Posted by Will Vanlue (Contributor) on January 30th, 2012 at 1:13 pm
(Photos © J. Maus/BikePortland)
You've already heard about Travis Wittwer's love of bike parking and bike racks. Now he's turning his attention to cargo bikes.
Whether it's their utility (both domestic and commercial) or their potential to help others in the community, Wittwer is convinced there's a need for cargo bike owners and fans to come together and get organized. While his own interest in them started when he bought one to cart around his three sons, Wittwer's now looking to start a grassroots organization to foster cargo bikes' existing popularity even further.
I traded a few emails with Wittwer last week to learn more about how he got hooked on cargo bikes and his plans to raise awareness of their many attributes right here in Portland...
(Photo © J. Maus/BikePortland)
Wittwer's relationship with cargo bikes began when, in 2007, he took a couple years off from teaching to spend time with his kids. He knew he'd have to make some changes if he wasn't bringing in a regular salary:
"I wanted to make our lives as simple as possible for those years and knew two things (a) I wanted to decrease the out-go of money and (b) spend more time with my kids. Biking, and cargo biking in particular, allowed for this... For awhile I would use a tag-a-long bike with my eldest son, and a trailer for my two, youngest sons. Sometimes I would use both and create a cumbersome bike train: my bike + tag-a-long + trailer."
Eventually Wittwer decided there must be a better way to carry three kids on a bike. What he found was an easier solution that gave him more time to focus on his sons: a cargo bike:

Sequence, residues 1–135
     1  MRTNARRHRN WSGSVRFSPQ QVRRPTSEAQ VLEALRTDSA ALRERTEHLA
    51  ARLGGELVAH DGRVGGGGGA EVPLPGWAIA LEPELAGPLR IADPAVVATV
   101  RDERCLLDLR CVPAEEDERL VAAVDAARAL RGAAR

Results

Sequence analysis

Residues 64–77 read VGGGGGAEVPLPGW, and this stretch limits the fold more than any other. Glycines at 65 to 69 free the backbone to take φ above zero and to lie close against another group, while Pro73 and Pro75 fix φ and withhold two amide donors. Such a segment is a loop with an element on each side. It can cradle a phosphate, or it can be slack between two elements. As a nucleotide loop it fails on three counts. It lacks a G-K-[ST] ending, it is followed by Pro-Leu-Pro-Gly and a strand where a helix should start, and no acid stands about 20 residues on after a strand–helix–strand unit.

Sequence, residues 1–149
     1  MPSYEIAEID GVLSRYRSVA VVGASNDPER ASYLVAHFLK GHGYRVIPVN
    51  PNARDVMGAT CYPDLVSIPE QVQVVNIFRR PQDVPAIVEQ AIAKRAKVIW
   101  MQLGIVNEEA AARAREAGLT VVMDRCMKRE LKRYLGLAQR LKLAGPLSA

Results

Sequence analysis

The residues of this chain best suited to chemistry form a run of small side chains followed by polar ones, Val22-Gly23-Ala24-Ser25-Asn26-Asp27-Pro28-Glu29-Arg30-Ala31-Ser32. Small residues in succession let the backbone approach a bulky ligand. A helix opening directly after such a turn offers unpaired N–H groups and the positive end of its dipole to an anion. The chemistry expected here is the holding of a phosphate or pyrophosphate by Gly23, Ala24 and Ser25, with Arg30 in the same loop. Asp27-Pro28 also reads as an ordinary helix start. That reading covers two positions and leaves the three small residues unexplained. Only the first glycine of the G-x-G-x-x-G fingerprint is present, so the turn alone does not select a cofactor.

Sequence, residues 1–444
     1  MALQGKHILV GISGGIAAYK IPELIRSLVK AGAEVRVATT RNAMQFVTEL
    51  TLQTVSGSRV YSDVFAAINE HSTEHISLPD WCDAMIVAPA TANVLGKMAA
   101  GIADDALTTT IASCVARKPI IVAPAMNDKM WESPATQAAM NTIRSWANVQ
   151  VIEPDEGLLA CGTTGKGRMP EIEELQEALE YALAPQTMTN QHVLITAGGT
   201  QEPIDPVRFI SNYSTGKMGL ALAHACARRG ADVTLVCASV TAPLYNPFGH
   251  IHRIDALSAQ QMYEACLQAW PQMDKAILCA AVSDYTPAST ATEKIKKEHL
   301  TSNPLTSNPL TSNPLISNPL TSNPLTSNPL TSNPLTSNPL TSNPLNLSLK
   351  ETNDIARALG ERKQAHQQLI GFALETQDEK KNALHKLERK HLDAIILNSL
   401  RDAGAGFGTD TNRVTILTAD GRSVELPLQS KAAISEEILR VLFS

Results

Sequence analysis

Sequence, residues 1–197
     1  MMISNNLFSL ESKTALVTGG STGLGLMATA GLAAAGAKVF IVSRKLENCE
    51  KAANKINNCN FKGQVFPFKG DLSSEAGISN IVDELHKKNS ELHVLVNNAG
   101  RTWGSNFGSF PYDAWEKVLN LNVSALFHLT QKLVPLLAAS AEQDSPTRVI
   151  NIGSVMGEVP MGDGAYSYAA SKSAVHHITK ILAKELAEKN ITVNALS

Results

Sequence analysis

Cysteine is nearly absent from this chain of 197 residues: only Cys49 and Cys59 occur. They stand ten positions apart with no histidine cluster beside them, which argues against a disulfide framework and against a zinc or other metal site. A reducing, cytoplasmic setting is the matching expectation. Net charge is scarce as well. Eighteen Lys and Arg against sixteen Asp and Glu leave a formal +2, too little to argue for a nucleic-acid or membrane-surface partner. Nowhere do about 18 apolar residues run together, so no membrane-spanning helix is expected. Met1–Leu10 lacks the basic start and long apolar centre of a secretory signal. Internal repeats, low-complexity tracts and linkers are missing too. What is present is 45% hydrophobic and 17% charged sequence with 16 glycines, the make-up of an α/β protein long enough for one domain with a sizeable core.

"I looked at the various options, styles, and companies and at the end of the summer in 2008, I purchased a great bakfiets from Clever Cycles. In this one bike, I could carry all three sons and their school gear. We spent about 40 minutes, twice, every day, going to and from school. This was quality time."
Saving money and having more family time are two of the reasons, in Witter's estimation, why many families are starting to look at cargo bikes as an alternative to owning multiple cars:
"People want to do more with their lives and spend less money. A cargo bike can do this. Do you really need a full car to get your kids to the neighborhood school? For most people--no. A cargo bike makes grocery shopping, errands, everything feasible. A family can do a lot with one cargo bike. Many families are shifting their lives to be car free or car light because they have a cargo bike."
It's easy to see why plenty of families have a cargo bike in their life, but Wittwer doesn't see the same level of organization from cargo bike owners that he sees with other groups. That surprises him because Portlanders are known to be proud of their bikes.
Wittwer says people he knows with different cargo bikes, "talk about them as if they were talking wine preference."
Enthusiasm for cargo bikes isn't all about fun and games, either. Witter saw them play an important role in the Occupy Portland protest but feels their potential is left largely untapped because there's no way to communicate with people who want to get involved:
"It became clear during Occupy Portland that cargo bikes could be used for social good when [protesters in camp] needed garbage removal. If there was a way to organize cargo bike users, we could come together for a social good."
Thanks to Wittwer and others, that organization is starting to take shape.
(Photo: Will Vanlue/BikePortland)
Wittwer and others are working to start an organization with the goals of showcasing the utility of cargo bikes, organizing them for social good and to (hopefully) inspire other cities.
Right now they've got an email list of cargo bike enthusiasts and a name: TransportLand. The group's website is coming soon so if you'd like to get involved, keep an eye on TransportLand.org or send a message to transportPDX [at] gmail [dot] com.
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